Gao Qunbin (right) teaches a student to draw. (Photo by Xu Yuyao/People’s Daily)
Fine art is bringing new possibilities to students in China’s Tibet autonomous region.
Thanks to Gao Qunbin, an art teacher from Shanghai volunteering to teach at the Shanghai Experimental School in Shigatse, southwest China’s Tibet autonomous region, several students of the school have passed the entrance exams for art academies this year and are ready to go to colleges, which had never happened in the school’s history.
In an activity room, extra-curricular fine art lessons are given by Gao at noon and evening every day and on each weekend.
However, the man was questioned a lot when he first started the classes.
“Can painting pay the bills?” That was a question he was always asked back then, because no one of the school had ever been admitted by a university through entrance exams for art academies, and most of the parents didn’t attach importance on art education.
“Art education is new to the people here,” Gao told People’s Daily, and that’s why he decided to seek students interested in fine art on his regular classes and recruit them for the extra-curricular lessons.
Padma Chungda was one of Gao’s earliest students. It was a fine art work of his with splendid coloring that attracted attention of Gao.
The students comes from Yadong county of Shigatse, a low-altitude county that boasts wide vegetation coverage. It is home to green mountains and lucid waters, as well as views of snow-capped mountains, which are all rare in Shigatse. Growing up in an environment like this, Padma Chungda are highly perceptive color-wise and is an expert of colors.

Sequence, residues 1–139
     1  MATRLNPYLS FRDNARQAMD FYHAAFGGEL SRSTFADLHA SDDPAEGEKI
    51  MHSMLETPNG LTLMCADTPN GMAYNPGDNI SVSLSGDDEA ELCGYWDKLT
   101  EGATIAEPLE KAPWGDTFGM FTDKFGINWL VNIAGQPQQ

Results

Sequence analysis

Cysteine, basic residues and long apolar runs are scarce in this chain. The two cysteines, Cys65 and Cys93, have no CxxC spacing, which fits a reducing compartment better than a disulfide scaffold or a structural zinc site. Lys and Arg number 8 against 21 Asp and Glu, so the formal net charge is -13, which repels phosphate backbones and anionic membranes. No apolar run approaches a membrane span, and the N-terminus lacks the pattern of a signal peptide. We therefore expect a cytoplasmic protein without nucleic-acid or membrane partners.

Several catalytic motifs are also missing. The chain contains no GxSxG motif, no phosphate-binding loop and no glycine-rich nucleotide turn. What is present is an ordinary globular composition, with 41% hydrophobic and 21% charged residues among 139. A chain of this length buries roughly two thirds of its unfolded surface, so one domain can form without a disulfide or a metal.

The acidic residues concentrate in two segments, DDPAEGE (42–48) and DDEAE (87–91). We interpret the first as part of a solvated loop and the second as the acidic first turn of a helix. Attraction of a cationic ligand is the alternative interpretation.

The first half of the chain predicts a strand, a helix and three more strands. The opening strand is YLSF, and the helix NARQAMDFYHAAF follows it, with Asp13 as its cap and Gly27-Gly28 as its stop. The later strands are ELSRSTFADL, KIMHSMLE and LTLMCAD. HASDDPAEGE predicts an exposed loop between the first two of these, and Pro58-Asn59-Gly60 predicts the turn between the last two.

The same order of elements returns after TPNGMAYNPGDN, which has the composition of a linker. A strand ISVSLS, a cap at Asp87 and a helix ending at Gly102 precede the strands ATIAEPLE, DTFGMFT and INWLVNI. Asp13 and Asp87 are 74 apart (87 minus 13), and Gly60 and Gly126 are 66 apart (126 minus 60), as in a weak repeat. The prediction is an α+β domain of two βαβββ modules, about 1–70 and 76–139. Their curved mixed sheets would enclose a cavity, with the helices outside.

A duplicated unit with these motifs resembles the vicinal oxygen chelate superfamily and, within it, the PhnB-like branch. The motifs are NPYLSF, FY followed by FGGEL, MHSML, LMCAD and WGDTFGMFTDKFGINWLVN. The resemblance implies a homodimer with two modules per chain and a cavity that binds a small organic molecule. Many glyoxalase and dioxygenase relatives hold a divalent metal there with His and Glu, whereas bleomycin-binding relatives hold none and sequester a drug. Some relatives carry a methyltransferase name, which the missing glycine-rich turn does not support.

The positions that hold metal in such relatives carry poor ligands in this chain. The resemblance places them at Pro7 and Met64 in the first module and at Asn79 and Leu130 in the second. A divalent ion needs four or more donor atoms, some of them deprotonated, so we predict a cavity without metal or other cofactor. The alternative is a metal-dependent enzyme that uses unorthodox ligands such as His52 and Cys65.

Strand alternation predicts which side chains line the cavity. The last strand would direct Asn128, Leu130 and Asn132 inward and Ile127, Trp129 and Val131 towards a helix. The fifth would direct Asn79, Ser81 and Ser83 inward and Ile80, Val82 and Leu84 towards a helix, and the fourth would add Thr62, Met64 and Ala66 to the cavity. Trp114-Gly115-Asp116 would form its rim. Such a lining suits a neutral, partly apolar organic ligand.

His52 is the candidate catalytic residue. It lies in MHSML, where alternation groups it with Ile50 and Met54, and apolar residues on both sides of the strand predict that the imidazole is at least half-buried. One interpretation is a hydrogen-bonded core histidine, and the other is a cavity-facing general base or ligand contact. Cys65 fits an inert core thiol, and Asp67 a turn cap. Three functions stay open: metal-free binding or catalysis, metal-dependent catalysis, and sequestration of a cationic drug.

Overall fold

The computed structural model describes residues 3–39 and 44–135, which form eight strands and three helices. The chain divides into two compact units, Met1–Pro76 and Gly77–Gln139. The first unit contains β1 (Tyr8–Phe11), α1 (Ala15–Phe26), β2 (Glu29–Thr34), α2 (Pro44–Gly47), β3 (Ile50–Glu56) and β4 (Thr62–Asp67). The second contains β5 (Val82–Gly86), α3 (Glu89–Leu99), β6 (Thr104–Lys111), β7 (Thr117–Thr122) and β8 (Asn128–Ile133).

“Do you want to learn drawing? It earns you chances to enter colleges, or you can become an art teacher just like me,” Gao asked the student, seeing his talent.
What Gao said was quite tempting for Padma Chungda. After discussing with his family, he decided to join Gao’s extra-curricular courses and became one of the first fine art students of the latter in Shigatse.
Gao’s students learned well and fast. Padma Chungda, and the other two students attending Gao’s courses in the earliest days, all achieved great performance in the entrance examinations for art academies that year.
“They were the first students in Shigatse to pass the exams,” he said, adding that hard work forever pays, which is true to both himself and his students.
Just like pigments can make a glass of water colorful, Gao’s fine art classes have made school life more splendid for the students.
The success of Gao’s first students made him more confident when he explained art education to other parents. At present, over 20 senior high students are attending his extra-curricular fine art classes, and the number is higher in the school’s junior high department.
Preparing for further art studies in college, the students are also expanding the influence of art, Gao said.
Gao, who’s in his fifties and volunteering to teach in Tibet for a second time, has a goal to present the beauty of Shigatse to every student there and open a window into aesthetics for the children in mountainous areas.
“Art courses are a mirror of the school’s efforts in enhancing moral and art education. We have always been working to ensure that all students can find the extra-curricular activities they like,” said Zhang Bisheng, principal of the Shanghai Experimental School in Shigatse.
According to him, 52 student societies have been opened at the school by 28 teachers from Shanghai, who are trying their best to cover as many students as possible.